Brent oil futures climbed above $50 a barrel on Thursday for the first time in nearly seven months, boosted after U.S. government figures showed a sharper-than-expected drawdown in crude stocks last week.
Brent had climbed 38 cents to $50.12 a barrel by 6:48 GMT, its highest since Nov. 4. It ended the previous session up $1.13, or 2.3%.
U.S. crude futures rose 33 cents to their strongest since Oct. 12 at $49.89 a barrel, after settling the last session 94 cents higher.
“Geopolitical issues in West Africa and the Middle East, supply outages, increased demand and maybe a touch of a weaker dollar have all helped push prices higher,” said Jonathan Barratt, chief investment officer at Sydney’s Ayers Alliance.
“I don’t think the rally will last because prices will reach a level that will bring U.S. shale oil output back into the market,” he added.
U.S. crude stocks fell 4.2 million barrels to 537.1 million in the week to May 20, the steepest weekly drop in seven weeks, the U.S. Department of Energy’s Energy Information Administration said on Wednesday.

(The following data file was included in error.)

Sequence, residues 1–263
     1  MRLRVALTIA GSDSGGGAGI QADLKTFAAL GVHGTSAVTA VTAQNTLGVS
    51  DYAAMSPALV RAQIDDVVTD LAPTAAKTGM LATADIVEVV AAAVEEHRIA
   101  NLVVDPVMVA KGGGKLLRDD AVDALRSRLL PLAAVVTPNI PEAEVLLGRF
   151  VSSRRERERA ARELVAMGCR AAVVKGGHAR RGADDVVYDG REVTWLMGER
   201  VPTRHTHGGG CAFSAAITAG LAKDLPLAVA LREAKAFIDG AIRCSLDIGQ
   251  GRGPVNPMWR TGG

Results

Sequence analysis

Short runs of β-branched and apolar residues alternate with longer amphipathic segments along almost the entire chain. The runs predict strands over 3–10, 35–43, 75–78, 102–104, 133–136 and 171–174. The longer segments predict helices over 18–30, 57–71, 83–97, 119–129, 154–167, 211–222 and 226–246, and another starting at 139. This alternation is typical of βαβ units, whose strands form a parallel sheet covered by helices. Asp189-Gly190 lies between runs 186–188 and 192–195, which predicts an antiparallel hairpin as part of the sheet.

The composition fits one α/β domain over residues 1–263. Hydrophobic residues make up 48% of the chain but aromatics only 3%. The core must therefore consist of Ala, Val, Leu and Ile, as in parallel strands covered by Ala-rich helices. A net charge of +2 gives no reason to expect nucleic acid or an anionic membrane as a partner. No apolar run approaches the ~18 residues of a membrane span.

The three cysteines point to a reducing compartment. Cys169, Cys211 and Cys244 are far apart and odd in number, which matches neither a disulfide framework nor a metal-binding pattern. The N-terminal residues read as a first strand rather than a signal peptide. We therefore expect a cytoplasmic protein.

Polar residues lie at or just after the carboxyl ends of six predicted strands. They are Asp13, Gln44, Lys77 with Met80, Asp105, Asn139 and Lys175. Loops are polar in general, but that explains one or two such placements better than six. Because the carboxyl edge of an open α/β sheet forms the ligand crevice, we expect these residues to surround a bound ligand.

That was larger than analyst expectations of a 2.5 million-barrel fall, but not as much as the 5.1 million expected by trade group, the American Petroleum Institute.
Gasoline stocks rose 2 million barrels to 240.1 million barrels against forecasts of a 1.1 million-barrel drop, while gasoline demand over a four-week average rose 3.9% to 9.6 million barrels last week, the EIA said.
Ric Spooner, chief market analyst at Sydney’s CMC Markets, said the world was still oversupplied with oil even with increased demand and supply disruptions from Canadian wildfires and violence in Libya and Nigeria.
“Certainly ($50) is a psychological barrier. There is a momentum, people will try and push it up over that,” Spooner said.
“(From a) practical point of view will there or will there not be a sustainable increase above $50? At the $50-$55 range there has got to be a good chance of seeing the peak.”
BMI Research said in a report on Thursday that Indonesia, Malaysia and Vietnam would turn into net crude importers over the next five years as they, together with Brunei and Cambodia, add 500,000 barrels per day (b/d) of refining capacity over the next decade.